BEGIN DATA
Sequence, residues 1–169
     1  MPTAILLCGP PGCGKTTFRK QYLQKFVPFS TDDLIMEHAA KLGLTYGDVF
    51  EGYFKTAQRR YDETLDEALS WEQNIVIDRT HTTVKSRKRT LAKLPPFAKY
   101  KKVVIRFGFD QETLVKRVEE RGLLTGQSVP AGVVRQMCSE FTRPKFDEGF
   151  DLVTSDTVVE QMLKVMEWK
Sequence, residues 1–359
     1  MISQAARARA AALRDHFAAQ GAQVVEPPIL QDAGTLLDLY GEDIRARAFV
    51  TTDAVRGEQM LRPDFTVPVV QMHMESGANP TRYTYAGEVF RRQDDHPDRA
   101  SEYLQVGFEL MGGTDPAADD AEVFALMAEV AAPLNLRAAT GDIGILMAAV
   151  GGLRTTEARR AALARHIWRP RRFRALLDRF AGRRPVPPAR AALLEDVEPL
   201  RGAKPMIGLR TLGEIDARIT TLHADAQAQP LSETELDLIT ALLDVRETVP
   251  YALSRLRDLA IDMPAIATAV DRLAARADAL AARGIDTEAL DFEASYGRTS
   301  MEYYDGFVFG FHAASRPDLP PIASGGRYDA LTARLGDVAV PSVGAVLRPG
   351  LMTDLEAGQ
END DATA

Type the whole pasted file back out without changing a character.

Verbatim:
Sequence, residues 1–169
     1  MPTAILLCGP PGCGKTTFRK QYLQKFVPFS TDDLIMEHAA KLGLTYGDVF
    51  EGYFKTAQRR YDETLDEALS WEQNIVIDRT HTTVKSRKRT LAKLPPFAKY
   101  KKVVIRFGFD QETLVKRVEE RGLLTGQSVP AGVVRQMCSE FTRPKFDEGF
   151  DLVTSDTVVE QMLKVMEWK
Sequence, residues 1–359
     1  MISQAARARA AALRDHFAAQ GAQVVEPPIL QDAGTLLDLY GEDIRARAFV
    51  TTDAVRGEQM LRPDFTVPVV QMHMESGANP TRYTYAGEVF RRQDDHPDRA
   101  SEYLQVGFEL MGGTDPAADD AEVFALMAEV AAPLNLRAAT GDIGILMAAV
   151  GGLRTTEARR AALARHIWRP RRFRALLDRF AGRRPVPPAR AALLEDVEPL
   201  RGAKPMIGLR TLGEIDARIT TLHADAQAQP LSETELDLIT ALLDVRETVP
   251  YALSRLRDLA IDMPAIATAV DRLAARADAL AARGIDTEAL DFEASYGRTS
   301  MEYYDGFVFG FHAASRPDLP PIASGGRYDA LTARLGDVAV PSVGAVLRPG
   351  LMTDLEAGQ